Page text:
As evidence that precisely the opposite happens in US prisons, The End of Punishment (2013) by the present-day retributivist Robert Blecker’s recounts an interview with a Tennessee Death Row correctional officer who feels like a waiter, and a guard who complains that Florida’s Death Row is ‘the best deal in the building’. Blecker is right that we should classify offences and offenders according to the severity of their crime. Perhaps the ADX Florence supermax prison should even be, as its ex-warden described it to CNN, ‘far much worse than death’ for the worst of the worst. But think about this: county jail is ‘hard time’, and harder than state prison, as I am told by a local jail administrator. Almost 500,000 held in US jails are being held pre-trial. The average jail time served is short. Offenders quickly return to their communities, but they are not prepared for re-entry. Even the average jail and prison time might actually help offenders to become worse.

Too often, the US conversation about criminal justice is about principles and theories of punishment: rehabilitation, retribution, deterrence. What I am arguing here is that these theories amount to little if we ignore less eligibility, or how we punish. Visiting a jail without an outdoor yard, where offenders have no physical contact with friends and family during their incarceration, or a prison where life unfolds within coils of obtrusive razor wire, is not a normal life, and doesn’t prepare you to return to normal life. As opinion in the US starts to move away from some punitive strategies such as solitary confinement, we should reconsider which of our other carceral practices meet or violate the crucial secondary principles (leniency, proportionality, egalitarianism) of a just criminal justice system.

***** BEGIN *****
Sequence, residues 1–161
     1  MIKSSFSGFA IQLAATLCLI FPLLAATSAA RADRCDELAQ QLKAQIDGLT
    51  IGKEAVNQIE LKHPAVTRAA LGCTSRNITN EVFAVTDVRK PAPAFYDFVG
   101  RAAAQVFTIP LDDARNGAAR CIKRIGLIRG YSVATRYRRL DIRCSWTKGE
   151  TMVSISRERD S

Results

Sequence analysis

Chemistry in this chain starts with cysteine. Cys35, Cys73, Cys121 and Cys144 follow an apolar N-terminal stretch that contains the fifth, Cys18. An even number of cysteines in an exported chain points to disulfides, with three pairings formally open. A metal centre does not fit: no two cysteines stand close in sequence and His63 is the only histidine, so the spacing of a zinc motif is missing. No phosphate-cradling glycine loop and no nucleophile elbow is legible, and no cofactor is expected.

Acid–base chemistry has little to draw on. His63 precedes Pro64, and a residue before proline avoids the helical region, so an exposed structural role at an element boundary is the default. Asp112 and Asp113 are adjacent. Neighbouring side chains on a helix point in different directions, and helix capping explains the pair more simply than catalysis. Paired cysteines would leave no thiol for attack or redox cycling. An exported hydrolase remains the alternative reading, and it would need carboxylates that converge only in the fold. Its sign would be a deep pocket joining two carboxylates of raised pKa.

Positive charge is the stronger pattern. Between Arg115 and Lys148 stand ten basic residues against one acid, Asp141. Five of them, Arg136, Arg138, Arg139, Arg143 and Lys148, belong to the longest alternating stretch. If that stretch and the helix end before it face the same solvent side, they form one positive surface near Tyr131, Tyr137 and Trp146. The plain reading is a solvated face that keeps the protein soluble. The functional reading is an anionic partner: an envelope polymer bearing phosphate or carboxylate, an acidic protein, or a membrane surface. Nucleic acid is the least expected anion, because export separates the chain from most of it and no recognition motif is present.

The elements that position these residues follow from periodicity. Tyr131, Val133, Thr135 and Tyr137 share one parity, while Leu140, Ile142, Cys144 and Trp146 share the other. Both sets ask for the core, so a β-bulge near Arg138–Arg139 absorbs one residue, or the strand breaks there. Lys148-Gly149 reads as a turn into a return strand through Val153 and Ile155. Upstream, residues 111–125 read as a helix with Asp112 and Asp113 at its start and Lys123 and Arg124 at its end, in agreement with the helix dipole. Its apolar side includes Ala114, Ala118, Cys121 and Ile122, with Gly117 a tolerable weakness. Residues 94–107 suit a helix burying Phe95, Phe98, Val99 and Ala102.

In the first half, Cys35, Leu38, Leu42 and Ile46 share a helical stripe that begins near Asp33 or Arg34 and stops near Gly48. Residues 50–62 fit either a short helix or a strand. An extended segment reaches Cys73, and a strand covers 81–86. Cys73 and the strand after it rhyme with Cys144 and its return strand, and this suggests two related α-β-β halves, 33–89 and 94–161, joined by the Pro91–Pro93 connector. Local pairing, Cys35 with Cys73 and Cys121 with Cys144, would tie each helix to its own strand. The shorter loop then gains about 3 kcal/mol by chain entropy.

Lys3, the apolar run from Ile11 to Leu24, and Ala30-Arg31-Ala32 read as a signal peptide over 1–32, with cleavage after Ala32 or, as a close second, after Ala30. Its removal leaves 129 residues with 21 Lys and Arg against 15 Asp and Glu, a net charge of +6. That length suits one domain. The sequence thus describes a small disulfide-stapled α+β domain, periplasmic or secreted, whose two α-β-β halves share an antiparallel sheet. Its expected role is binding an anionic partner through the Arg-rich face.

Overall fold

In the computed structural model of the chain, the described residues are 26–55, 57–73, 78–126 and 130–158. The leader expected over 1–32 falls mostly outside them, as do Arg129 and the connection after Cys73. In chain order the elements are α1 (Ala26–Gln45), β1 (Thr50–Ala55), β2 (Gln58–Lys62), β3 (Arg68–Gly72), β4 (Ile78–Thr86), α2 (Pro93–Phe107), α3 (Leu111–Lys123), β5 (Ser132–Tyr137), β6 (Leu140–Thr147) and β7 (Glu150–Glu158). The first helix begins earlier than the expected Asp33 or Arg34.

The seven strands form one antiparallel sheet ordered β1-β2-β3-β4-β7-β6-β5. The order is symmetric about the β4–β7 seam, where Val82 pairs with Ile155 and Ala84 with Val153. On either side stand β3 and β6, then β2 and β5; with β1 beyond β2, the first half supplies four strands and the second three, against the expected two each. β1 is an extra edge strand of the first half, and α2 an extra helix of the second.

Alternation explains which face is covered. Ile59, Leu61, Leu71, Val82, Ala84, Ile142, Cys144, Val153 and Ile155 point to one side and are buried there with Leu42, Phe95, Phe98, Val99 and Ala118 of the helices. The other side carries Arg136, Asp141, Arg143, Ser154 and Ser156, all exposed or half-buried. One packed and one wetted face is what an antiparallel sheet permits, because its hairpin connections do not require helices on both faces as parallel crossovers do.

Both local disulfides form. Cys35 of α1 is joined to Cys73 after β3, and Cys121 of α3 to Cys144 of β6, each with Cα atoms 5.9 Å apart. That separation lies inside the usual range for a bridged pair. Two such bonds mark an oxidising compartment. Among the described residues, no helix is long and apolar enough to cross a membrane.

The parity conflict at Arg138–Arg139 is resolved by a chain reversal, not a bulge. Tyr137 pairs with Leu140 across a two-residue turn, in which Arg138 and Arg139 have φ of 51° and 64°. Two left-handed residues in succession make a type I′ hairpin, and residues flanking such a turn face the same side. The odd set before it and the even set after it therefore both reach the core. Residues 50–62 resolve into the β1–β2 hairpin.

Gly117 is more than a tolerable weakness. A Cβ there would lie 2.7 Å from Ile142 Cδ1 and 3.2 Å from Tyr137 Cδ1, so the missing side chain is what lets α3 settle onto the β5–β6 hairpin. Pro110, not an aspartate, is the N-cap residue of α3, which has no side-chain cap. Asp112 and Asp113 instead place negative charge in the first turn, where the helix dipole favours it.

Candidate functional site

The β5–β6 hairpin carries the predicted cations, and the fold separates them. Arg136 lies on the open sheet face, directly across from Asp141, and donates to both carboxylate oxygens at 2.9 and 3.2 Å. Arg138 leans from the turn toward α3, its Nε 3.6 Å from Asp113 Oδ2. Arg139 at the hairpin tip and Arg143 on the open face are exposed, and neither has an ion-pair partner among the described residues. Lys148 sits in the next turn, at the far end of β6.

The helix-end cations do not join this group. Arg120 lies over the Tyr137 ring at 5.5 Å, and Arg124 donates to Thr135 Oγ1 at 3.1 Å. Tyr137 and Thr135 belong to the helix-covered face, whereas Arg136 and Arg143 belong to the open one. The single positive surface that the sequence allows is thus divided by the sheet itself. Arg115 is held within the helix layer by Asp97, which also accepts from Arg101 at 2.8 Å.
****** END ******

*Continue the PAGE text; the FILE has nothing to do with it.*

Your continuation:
In Germany, there are restrictions on types of uniforms, on partitioning visitors from offenders, and on the use of bars and peepholes in cells. There are also protections of offenders’ rights to privacy, information, public exposure, and leisure and culture, that do not exist in the US. In the US, courts have upheld the constitutionality of expressive punishments that demean offenders, pre-trial incarceration that looks punitive, and denials of privacy and dignity.

It is a tragedy if the attempt to have a just society with a suitable criminal justice system has been transformed into criminogenic warehousing, based on surveillance and discipline, which achieves few or none of the goals of punishment. It is foolishness to countenance such a system merely because it has not yet touched you. The road to the present state of affairs leads through less eligibility, which, on the surface, is a principle that makes sense: treat offenders to a life that is worse than life on the outside. After all, why should offenders have air conditioning if the farmer ‘living in innocence and liberty’ does not? But the answer is that it is too easy to forget the other constraints on the dignity, privacy and autonomy of those incarcerated in jails and prisons.

Our present system is costly and ineffective; it creates aberrant economies and empowers prison gangs that in turn influence street gangs. Prisons reproduce the cultural inadequacy of life on the inside on our streets and in popular culture, and when offenders are released into communities, their lack of rehabilitation justifies further segregation and other collateral consequences, such as employment and housing discrimination.Aeon counter – do not remove